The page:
Should the vapor barrier be just plain plastic that goes behind the furring boards and then the foam inbetween the boards? Will the foam mildew. We had some stored in our garage once that molded fairly quickly.
 
  #6  
Old 05-08-02, 03:54 PM
workatit
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The black board must be the outside sheathing installed prior to bricking and siding. It is interesting that it is only behind the brick. I have seen new houses built that use OSB or plywood on the corners to ensure the house stays square then use a less expensive sheathing on the balance of the home... not just behind bricks. If the board is dry then I wouldn't worry about it. If the smell is strong, experiment with a sealer/primer to see if the smell is masked.

The vapor barrier is placed over the studs and insulation. If the wall is dry moisture should not get trapped. The garage environment may have had airborne moisture.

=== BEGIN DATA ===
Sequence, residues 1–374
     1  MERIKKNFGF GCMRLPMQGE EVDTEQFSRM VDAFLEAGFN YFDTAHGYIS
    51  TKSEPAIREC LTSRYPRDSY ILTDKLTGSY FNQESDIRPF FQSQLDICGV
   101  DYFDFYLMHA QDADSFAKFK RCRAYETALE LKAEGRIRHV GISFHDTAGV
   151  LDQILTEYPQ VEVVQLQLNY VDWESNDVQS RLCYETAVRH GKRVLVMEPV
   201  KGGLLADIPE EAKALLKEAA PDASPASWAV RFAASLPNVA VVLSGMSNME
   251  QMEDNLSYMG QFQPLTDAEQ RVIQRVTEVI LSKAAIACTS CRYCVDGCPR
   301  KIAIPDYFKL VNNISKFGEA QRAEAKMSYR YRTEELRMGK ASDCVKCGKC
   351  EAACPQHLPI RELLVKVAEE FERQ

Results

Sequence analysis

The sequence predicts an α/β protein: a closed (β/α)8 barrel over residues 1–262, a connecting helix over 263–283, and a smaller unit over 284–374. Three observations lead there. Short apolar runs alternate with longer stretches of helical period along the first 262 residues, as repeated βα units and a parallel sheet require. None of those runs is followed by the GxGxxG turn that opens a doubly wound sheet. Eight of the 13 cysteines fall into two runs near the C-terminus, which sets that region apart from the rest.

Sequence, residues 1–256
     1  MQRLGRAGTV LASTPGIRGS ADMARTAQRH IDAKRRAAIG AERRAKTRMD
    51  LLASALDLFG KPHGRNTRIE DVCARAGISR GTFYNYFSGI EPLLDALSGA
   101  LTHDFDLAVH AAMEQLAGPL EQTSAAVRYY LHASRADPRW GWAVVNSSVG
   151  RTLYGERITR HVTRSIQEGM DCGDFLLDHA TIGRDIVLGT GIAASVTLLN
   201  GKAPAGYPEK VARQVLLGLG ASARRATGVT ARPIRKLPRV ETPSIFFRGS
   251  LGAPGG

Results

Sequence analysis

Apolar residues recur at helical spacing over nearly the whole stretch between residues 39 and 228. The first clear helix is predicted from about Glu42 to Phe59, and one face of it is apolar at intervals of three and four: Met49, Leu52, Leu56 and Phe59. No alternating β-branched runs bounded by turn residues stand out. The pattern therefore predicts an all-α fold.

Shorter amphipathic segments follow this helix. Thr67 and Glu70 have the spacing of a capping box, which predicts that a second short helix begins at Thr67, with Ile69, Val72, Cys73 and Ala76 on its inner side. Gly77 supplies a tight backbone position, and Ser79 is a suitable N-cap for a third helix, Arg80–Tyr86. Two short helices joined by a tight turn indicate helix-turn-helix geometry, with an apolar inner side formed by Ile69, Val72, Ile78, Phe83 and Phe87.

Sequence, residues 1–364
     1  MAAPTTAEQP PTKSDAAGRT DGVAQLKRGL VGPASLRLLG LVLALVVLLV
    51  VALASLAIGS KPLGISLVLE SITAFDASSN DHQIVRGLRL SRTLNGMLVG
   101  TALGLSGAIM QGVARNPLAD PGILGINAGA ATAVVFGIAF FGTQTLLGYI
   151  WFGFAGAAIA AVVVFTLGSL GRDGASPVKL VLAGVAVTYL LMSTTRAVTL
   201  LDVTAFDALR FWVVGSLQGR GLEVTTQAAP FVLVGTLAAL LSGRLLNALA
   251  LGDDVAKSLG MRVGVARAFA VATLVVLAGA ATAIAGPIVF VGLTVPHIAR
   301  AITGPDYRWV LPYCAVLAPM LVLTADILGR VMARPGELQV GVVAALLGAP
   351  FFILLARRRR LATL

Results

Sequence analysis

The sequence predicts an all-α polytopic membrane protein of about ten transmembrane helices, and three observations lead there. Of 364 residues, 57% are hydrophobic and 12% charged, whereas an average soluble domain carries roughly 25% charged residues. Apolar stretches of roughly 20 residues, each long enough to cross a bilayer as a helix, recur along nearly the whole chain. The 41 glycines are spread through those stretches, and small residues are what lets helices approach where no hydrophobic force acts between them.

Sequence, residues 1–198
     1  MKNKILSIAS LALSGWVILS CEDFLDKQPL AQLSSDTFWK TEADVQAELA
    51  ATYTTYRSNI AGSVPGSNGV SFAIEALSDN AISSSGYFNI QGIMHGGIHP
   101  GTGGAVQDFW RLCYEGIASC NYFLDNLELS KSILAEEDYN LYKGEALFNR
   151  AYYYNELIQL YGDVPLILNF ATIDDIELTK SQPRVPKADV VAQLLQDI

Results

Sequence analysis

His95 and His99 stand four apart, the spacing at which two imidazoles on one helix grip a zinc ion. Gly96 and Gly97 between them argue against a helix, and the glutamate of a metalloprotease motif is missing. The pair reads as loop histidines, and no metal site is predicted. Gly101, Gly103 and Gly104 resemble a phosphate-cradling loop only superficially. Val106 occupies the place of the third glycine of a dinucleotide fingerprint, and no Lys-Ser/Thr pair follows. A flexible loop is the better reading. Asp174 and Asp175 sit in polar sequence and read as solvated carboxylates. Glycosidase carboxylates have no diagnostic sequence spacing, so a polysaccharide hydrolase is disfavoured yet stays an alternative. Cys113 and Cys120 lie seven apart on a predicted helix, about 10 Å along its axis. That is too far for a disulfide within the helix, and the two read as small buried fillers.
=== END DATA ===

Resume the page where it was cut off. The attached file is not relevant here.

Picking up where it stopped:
Good Luck
 
  #7  
Old 05-08-02, 06:59 PM
woodbadger
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You will also want to check with your local building inspector.

Many areas have code that state exactly how much insulating you need to do on an exterior basement wall and where the vapor barrier goes.

Note: It is a lot easier to build a 2x4 wall than to attach 2x2 to cinder block, but if you can't bear to lose the extra 2 inches ...

Note2: water is pushed up through the concrete floor in areas that have low water tables, not just through the walls. If you have a mold sensitivity you will want to know if a vapor/radon barrier was put down prior to pouring the concrete.

Note3: the vapor barrier is not a water barrier. If you have a moldy basement, you have a water drainage problem that needs to be fixed outside of the house. Many times, this can be fixed by just putting up gutters.